• one or more companies are absorbed by an existing company; the shareholders of the absorbed companies receive new shares in the absorbing company.

Acquisitions can also be effected by buying shares in a company, subject to foreign investment regulations.

Purchase of assets

Purchase price

The cost base of an asset purchased, produced, manufactured or constructed by the taxpayer is the amount paid or incurred by the taxpayer in cash or in kind in respect of the acquisition of the asset.

Goodwill

Goodwill paid on the acquisition of shares in a company is considered as part of the base cost and is deductible for determining any gain arising on disposal. The buyer may pay for goodwill in acquiring a business as a going concern. Such goodwill is tax-deductible and can be amortized at a rate of 10 percent on a declining-balance basis for tax purposes.

Depreciation

No gain or loss arises on the disposal of an asset that is depreciable under Saudi tax law. The result of disposal of such assets is dealt with under the depreciation method stipulated by the law.

Tax attributes

Tax in Saudi Arabia consists primarily of corporate income tax, withholding tax (WHT) and zakat. For local companies, corporate income tax is assessed on the share of the profit of the foreign partner in the local company. The corporate income tax rate is 20 percent.

Zakat is a religious levy imposed on Saudi and Gulf Cooperation Council (GCC) nationals and on companies to the extent owned by Saudi or GCC nationals through a GCC-based chain of ownership. The zakat rate of 2.5 percent is applied on the higher of Saudi/GCC share in the zakat base and the Saudi/ GCC share in taxable profits of the entity.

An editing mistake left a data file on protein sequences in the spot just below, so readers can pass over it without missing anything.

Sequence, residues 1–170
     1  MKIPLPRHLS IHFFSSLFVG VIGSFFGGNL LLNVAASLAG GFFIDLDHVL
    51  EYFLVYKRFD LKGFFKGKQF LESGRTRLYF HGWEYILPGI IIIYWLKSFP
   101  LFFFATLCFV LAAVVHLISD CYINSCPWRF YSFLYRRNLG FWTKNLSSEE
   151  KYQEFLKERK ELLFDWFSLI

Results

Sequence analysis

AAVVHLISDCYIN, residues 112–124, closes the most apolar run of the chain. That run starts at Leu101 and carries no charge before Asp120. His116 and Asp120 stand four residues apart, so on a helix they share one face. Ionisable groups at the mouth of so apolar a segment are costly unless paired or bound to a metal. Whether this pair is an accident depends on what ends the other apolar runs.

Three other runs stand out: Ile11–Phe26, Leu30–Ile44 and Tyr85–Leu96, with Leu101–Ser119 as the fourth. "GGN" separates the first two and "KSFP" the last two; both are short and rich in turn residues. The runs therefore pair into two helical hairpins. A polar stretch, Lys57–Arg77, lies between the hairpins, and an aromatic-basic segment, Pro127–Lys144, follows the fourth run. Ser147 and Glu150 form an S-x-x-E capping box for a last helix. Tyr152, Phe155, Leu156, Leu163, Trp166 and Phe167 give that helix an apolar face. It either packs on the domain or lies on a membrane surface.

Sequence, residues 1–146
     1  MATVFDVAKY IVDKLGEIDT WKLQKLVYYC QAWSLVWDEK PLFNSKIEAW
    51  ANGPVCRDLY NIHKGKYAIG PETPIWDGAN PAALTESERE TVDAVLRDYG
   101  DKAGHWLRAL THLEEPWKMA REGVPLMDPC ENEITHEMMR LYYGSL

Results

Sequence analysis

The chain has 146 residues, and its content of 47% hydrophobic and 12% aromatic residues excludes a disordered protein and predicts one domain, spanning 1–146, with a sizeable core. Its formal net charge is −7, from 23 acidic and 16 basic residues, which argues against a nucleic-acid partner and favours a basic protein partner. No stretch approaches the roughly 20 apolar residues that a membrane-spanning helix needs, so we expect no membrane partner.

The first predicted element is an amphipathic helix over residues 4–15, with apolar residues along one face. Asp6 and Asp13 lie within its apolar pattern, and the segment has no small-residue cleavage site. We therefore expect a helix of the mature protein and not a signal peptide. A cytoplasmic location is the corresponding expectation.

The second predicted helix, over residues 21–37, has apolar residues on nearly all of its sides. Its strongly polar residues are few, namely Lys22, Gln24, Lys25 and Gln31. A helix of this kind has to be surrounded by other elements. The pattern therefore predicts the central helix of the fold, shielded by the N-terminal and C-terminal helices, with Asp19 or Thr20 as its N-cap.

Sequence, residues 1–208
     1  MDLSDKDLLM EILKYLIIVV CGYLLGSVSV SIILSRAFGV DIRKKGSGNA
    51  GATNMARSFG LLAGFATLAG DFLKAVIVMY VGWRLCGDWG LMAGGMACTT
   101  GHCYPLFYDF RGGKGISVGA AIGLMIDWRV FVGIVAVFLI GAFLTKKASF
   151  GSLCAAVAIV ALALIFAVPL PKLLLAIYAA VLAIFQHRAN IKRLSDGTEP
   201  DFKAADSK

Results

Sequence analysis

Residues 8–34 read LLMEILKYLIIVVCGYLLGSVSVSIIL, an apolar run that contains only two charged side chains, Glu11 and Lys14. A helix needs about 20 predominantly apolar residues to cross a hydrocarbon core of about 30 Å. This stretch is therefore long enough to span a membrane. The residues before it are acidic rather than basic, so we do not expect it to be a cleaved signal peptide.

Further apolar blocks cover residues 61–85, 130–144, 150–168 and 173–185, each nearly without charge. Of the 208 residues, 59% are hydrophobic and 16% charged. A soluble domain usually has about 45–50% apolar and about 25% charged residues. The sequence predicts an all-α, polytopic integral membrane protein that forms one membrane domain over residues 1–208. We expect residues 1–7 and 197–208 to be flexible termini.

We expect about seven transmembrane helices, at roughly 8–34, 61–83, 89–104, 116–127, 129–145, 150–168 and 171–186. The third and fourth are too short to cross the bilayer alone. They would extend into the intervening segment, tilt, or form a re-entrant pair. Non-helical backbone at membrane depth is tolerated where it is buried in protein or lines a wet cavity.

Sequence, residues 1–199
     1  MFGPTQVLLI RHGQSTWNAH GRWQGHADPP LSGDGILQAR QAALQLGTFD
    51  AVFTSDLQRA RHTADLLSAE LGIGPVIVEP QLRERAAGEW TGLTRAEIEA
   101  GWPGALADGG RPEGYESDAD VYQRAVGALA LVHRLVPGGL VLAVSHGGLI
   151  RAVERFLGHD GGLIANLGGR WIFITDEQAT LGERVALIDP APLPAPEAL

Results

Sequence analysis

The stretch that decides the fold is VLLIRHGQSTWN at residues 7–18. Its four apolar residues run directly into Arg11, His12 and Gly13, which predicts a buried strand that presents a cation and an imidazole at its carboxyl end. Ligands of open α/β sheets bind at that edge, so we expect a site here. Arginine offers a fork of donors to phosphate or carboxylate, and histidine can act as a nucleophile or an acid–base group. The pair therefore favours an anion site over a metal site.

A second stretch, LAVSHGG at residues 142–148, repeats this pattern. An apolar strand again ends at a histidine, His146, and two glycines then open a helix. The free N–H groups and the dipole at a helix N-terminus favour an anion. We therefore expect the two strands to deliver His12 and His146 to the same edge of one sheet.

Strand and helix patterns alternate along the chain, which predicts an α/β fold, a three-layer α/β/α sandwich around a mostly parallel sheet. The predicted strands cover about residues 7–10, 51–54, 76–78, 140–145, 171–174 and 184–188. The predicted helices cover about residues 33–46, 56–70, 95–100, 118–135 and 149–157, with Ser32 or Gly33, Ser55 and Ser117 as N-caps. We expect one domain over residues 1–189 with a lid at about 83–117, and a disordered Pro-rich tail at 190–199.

Although no specific rules in the corporate income tax and zakat regulations address M&A, any capital gains arising as a result of a sale or transfer of assets (including the entire business) are treated as normal business income and taxed at the normal corporate income tax rates.

Value added tax

The acquisition of a business or part thereof may be considered as a transaction outside the scope of VAT, provided the assets (and liabilities) can be operated as a business unit in their own right (transfer of an economic activity) and certain conditions are met.

Purchase of shares

In a purchase of shares, the purchase price is the cost base for the purposes of determining capital gains tax payable on the shares’ later sale. The tax authority may not consider the value of bonus shares as part of the base cost for calculating the taxable gain, as this remains an area of dispute. In some cases, the assessing officers have imposed a 5 percent WHT on the amount of after-tax capital gain by treating the net gain as a distribution of profits (akin to dividend). However, this treatment is contestable at the appellate level.